By using relatively simple visual elements—a block of color, uniform tree silhouettes, and depth cues such as scale, layering, and shadowing—the agency created a mountain scene evoking the great outdoors as a visual metaphor for the natural taste and texture of the chip. In fact, in a consumer evaluation by Designalytics, category buyers were more likely to associate words like “mountains,” “Colorado,” “Boulder,” and “outdoors” with the new design than the old one. Additionally, the outsize chips and basic illustration style ensured that the visual identity conveyed “approachable” as well as “adventurous.”
“When I saw the new design, I thought, ‘Wow, this is like Jeep or REI or other role model brands that tap into consumers’ emotions,’” remarked Bill Blubaugh, senior vice president of marketing and communications at UTZ Quality Foods. “People often aren’t making rational decisions at the shelf, so the more you can get them to nod their heads and say, ‘Yeah, that’s me, or that’s someone I want to be,’ the better,” he added.
Incorporating the chip imagery in such a creative, distinctive way accomplished two key objectives; it heightened taste appeal by providing a more detailed view of the product, and it infused a sense of personality into the scene. ”There are cues that help to drive taste appeal—and if you know that works, now how do you make it ownable? In this case, having the chips stand on their sides was one way to create the crave—and do it in a very branded way,” explained Blubaugh.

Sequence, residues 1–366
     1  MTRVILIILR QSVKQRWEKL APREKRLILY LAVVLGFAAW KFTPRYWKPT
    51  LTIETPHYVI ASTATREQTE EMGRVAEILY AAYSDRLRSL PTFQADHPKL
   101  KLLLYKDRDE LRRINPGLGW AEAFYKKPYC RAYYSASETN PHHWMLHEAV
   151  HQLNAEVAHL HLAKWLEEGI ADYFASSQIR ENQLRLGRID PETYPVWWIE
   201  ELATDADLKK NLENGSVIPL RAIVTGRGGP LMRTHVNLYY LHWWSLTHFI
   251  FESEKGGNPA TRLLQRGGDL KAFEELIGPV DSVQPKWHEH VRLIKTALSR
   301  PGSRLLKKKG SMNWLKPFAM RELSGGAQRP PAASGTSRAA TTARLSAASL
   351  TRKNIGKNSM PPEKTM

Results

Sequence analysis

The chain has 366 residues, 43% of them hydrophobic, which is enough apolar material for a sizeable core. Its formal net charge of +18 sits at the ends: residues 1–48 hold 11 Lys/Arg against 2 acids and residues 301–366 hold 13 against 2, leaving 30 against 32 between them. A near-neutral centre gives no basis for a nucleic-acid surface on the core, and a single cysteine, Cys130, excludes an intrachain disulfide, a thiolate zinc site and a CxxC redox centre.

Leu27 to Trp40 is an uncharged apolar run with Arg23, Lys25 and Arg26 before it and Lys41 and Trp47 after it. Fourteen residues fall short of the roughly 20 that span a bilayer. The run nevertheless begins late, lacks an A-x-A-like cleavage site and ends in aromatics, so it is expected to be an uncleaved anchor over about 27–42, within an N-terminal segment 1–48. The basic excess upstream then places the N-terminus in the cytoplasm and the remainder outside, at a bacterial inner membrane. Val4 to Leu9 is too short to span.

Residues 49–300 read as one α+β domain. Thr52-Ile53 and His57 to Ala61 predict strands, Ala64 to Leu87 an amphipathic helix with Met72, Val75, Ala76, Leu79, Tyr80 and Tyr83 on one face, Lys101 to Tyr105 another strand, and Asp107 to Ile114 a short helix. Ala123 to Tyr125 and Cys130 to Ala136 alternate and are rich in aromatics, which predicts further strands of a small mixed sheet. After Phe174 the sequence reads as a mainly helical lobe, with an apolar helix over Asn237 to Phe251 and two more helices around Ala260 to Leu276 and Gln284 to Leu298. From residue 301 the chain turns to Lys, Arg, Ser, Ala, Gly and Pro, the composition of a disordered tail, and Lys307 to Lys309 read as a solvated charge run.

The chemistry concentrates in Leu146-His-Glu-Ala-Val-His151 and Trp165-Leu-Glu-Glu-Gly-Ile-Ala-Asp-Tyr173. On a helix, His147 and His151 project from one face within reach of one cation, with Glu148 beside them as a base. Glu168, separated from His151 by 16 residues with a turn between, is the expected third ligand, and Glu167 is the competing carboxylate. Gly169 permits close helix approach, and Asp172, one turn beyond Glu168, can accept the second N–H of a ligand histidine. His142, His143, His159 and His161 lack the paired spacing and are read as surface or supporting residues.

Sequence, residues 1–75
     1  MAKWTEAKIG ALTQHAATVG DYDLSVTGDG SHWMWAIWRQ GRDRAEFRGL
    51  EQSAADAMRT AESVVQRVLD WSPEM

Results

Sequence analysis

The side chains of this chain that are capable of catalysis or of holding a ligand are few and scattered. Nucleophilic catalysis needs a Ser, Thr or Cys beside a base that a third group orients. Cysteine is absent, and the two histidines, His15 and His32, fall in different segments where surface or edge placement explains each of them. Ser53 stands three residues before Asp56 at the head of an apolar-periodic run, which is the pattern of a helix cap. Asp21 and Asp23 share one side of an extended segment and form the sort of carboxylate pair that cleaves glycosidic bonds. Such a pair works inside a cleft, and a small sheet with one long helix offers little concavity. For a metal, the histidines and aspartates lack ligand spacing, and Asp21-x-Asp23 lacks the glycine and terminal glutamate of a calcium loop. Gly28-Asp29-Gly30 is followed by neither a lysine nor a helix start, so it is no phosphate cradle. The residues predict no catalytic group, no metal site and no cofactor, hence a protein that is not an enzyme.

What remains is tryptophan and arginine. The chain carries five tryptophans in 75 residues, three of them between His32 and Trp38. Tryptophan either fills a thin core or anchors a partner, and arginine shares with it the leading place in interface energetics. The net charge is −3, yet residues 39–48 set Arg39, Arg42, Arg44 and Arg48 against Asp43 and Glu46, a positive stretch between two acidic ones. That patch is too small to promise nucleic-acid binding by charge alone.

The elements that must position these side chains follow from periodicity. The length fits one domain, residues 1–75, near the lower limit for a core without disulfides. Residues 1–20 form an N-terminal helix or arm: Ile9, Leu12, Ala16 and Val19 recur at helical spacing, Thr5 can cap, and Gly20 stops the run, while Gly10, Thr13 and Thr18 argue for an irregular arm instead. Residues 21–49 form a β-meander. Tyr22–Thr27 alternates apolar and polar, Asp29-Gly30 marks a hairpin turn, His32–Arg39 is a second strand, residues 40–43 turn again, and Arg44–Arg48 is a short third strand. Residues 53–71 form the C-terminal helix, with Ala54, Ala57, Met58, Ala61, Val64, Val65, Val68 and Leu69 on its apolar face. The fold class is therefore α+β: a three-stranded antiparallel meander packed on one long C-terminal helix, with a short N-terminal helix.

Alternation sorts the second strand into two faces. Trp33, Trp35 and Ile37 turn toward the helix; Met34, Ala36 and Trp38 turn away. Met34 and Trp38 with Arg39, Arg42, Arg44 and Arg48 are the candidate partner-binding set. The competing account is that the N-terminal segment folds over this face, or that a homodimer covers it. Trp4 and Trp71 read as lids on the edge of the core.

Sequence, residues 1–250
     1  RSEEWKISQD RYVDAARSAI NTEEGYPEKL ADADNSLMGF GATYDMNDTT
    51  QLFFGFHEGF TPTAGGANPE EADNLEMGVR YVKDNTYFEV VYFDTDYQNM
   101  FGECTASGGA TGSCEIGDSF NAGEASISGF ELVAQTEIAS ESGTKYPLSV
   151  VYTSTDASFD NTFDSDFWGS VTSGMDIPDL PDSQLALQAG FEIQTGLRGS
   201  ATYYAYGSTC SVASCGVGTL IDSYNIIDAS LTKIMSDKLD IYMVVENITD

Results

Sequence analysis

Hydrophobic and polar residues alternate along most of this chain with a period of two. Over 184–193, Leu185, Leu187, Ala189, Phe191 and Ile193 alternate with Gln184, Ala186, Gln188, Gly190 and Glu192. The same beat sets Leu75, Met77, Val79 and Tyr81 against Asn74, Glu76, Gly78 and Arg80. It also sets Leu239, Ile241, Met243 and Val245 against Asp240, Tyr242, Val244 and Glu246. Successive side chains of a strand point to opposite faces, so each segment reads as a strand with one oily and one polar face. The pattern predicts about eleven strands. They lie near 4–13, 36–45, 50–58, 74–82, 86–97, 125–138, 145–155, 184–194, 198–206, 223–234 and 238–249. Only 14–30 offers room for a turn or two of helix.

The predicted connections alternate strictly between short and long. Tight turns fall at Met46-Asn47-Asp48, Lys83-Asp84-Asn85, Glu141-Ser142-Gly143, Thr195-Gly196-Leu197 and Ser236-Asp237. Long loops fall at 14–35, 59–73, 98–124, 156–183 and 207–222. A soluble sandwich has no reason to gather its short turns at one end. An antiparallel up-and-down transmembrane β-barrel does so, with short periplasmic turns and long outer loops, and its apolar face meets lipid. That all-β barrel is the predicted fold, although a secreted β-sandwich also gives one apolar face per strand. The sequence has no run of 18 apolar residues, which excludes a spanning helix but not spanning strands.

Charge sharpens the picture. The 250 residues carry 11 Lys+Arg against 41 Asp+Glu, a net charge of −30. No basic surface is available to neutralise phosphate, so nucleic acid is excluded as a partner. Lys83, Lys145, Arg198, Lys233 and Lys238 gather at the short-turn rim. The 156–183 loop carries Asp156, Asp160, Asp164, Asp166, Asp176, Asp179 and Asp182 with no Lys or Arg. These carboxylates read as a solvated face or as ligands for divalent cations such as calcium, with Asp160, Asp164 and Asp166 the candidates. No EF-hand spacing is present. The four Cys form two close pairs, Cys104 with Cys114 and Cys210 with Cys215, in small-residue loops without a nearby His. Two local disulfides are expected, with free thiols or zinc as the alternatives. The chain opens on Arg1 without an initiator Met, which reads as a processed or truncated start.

That “less is more” approach to food imagery also served to differentiate Boulder Canyon from competitors. “When we looked at the category, everyone had a pile of chips on their packaging. Who doesn’t know what a bowl of potato chips looks like? Why not go for a quality-over-quantity approach with more personality and taste appeal?” asked Hart.
When the team considered other points of competitive differentiation, Boulder Canyon’s use of healthy oils rose to the top of the list. “No one needed another classic sea salt chip. Oh, but a chip made with avocado oil? That’s good for the trade and interesting to the consumer,” said Hart. Accordingly, Interact Boulder restructured the hierarchy of communication on the package to prioritize the type of oil used—which they emblazoned in large text with the flavor signifier below in smaller text. For products that didn’t incorporate unique oils, the agency gave flavor top billing to compete more effectively with rivals who were doing the same.